"Our fabrication process shows for the first time an innovative way of fabricating plasmonic nanoantenna structures under the SEM, which avoids complications such as proximity effects from conventional lithography techniques," Bhuiya said. "This process also reduces the gap of the nanoantennas down to ~5 nm under SEM with a controlled reduction rate. With this new fabrication technique, it opens an avenue to study different phenomena which leads to new exciting research fields."


Contact: Kimani Toussaint
University of Illinois College of Engineering

Related biology technology :

1. Arizona State University engineers aim to improve performance of technology in extreme environments
2. BioRestorative Therapies Signs Material Manufacturing Agreement With University of Utah
3. Causes of Gulf War Illness are complex and vary by deployment area -- Baylor University study
4. HistoRx Licenses Melanoma Assay from Yale University
5. Epitomics, Inc. and University of California, Davis, Complete Star Program for High-Throughput Measurement of Antibody-Antigen Interactions
6. Boulder Diagnostics Licenses Novel Rapid Detection Technology for Homocysteine and Related Compounds from Portland State University
7. Research at Rice University leads to nanotube-based device for communication, security, sensing
8. EUR 1.0 Million Grant Awarded to Exosome Diagnostics and Ludwig Maximilian University from German Federal Ministry for Education and Research to Develop Biofluid-Derived Exosome Diagnostics
9. Valkee and University of Oulu Publish the First Clinical Trial on Bright Light Therapy Channeled via ear Canals in Seasonal Depression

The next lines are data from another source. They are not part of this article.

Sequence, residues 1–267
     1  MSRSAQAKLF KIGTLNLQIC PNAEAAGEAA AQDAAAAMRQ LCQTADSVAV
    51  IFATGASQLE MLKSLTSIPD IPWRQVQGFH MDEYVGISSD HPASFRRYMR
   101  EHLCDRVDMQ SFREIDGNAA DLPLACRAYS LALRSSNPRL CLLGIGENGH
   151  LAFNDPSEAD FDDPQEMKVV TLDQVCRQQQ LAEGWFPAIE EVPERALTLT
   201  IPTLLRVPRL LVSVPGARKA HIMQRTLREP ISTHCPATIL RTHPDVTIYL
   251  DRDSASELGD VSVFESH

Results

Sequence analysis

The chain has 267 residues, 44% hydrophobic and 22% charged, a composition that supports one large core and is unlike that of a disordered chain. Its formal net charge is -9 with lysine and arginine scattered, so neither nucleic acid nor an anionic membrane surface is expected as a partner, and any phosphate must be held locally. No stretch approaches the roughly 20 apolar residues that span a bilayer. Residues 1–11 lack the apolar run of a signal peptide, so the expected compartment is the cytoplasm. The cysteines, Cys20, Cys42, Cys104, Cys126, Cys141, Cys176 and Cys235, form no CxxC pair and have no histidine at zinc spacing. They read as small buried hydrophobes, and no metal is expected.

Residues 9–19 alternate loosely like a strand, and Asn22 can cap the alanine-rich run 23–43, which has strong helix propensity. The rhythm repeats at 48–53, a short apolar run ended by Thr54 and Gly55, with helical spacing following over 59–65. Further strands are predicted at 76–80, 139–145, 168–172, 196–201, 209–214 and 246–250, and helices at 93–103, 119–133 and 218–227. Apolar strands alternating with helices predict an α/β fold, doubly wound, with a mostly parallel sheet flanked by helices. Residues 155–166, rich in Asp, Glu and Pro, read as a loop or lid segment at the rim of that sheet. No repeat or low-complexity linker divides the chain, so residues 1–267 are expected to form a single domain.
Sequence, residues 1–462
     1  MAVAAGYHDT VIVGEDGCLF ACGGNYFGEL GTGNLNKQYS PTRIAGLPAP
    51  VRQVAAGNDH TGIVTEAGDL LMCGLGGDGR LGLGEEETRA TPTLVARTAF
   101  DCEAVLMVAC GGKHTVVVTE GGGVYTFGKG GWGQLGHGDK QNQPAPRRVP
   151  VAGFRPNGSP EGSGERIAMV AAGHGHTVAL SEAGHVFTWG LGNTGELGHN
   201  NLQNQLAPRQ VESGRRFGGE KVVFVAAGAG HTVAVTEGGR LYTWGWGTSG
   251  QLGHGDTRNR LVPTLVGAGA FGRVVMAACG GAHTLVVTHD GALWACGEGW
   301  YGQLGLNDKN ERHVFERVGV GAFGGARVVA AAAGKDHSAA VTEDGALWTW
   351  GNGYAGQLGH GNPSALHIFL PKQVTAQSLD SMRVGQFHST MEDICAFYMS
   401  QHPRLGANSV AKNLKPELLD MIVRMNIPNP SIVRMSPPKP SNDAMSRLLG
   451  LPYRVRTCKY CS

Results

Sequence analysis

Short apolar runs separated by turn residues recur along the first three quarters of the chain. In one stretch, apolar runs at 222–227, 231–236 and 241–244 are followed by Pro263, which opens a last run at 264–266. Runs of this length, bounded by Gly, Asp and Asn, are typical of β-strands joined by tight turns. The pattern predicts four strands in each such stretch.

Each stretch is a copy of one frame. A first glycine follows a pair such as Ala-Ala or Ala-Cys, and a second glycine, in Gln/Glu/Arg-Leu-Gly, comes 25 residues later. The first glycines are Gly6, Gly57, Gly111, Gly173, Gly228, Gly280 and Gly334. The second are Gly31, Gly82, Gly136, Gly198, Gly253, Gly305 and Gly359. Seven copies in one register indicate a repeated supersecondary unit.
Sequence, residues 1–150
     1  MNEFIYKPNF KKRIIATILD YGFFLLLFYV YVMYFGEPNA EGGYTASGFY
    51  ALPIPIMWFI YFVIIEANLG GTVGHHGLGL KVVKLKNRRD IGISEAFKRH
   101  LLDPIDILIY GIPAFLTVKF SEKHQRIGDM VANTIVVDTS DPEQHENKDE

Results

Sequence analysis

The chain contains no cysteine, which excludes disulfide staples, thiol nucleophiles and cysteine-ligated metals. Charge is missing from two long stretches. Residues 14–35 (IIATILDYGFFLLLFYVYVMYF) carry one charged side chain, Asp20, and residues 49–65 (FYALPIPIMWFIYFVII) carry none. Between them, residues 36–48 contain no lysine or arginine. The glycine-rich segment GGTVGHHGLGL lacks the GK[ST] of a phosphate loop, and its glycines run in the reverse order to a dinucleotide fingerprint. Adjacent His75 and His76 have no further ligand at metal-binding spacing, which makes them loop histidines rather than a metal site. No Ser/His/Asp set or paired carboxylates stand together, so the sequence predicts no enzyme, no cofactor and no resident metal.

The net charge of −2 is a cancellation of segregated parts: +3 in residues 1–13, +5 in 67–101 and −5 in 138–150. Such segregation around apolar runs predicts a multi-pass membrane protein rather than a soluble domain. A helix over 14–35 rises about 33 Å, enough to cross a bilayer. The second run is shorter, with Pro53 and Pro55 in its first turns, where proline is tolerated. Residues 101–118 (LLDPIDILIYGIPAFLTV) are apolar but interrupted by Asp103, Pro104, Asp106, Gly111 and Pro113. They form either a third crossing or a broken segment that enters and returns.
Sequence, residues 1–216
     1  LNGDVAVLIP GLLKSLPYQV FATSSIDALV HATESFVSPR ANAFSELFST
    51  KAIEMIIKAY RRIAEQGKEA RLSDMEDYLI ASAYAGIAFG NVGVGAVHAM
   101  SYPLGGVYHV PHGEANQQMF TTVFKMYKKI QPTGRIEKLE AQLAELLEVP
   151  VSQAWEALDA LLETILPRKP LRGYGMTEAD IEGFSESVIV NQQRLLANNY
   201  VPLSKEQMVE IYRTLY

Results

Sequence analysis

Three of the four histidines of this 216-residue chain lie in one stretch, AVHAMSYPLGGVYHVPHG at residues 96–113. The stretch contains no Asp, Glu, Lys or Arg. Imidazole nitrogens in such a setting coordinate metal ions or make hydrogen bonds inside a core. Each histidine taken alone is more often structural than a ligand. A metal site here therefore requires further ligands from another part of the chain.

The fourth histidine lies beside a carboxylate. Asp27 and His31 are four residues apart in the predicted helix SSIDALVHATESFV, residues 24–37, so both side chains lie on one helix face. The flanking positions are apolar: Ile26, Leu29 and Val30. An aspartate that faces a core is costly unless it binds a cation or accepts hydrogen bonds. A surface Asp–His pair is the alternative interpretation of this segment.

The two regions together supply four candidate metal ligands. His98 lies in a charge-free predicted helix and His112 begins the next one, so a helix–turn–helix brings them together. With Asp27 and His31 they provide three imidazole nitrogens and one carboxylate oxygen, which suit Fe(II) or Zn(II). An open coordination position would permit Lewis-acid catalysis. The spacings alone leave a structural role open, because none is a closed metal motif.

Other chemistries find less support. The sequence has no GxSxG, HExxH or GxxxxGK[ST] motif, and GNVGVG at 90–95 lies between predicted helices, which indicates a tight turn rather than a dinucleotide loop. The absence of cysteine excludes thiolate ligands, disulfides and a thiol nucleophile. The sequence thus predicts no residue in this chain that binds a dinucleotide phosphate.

10. Oxitec Responds to University of Panamas Forum on Transgenic Mosquitoes
11. Intellect Neurosciences Enters Collaboration Agreement with Leading Alzheimers Research Group at University of California Irvine to Test First in Class Dual Target Vaccine
Post Your Comments:
Related Image:
University of Illinois researchers demonstrate novel, tunable nanoantennas
(Date:11/24/2015)... QUEBEC CITY , Nov. 24, 2015 /PRNewswire/ - ... the request of IIROC on behalf of the Toronto ... this news release there are no corporate developments that ... price. --> --> ... --> . --> Aeterna Zentaris ...
(Date:11/24/2015)... ... November 24, 2015 , ... This fall, global software ... events in five states to develop and pitch their BIG ideas to improve health ... state are competing for votes to win the title of SAP's Teen Innovator, an ...
(Date:11/24/2015)... , November 24, 2015 ... recent market research report released by Transparency Market Research, ... expand at a CAGR of 17.5% during the period ... Testing Market - Global Industry Analysis, Size, Volume, Share, ... global non-invasive prenatal testing market to reach a valuation ...
(Date:11/24/2015)... SAN FRANCISCO , Nov. 24, 2015 /PRNewswire/ ... today announced that Emily Leproust, Ph.D., Twist Bioscience ... Piper Jaffray Healthcare Conference on December 1, 2015 ... Palace Hotel in New York City. ... . Twist Bioscience is on ...
Breaking Biology Technology:
(Date:11/17/2015)... Paris , qui ... Paris , qui s,est tenu du ... leader de l,innovation biométrique, a inventé le premier scanner ... sur la même surface de balayage. Jusqu,ici, deux scanners ... les empreintes digitales. Désormais, un seul scanner est en ...
(Date:11/17/2015)... EASTON, Mass. , Nov. 17, 2015 ... a leader in the development and sale of broadly ... the worldwide life sciences industry, today announced it has ... of its $5 million Private Placement (the "Offering"), increasing ... to $4,025,000.  One or more additional closings are expected ...
(Date:11/12/2015)... , Nov. 12, 2015  A golden retriever ... Duchenne muscular dystrophy (DMD) has provided a new lead ... Children,s Hospital, the Broad Institute of MIT and Harvard ... Brazil . Cell, pinpoints ... dogs "escape" the disease,s effects. The Boston Children,s lab ...
Breaking Biology News(10 mins):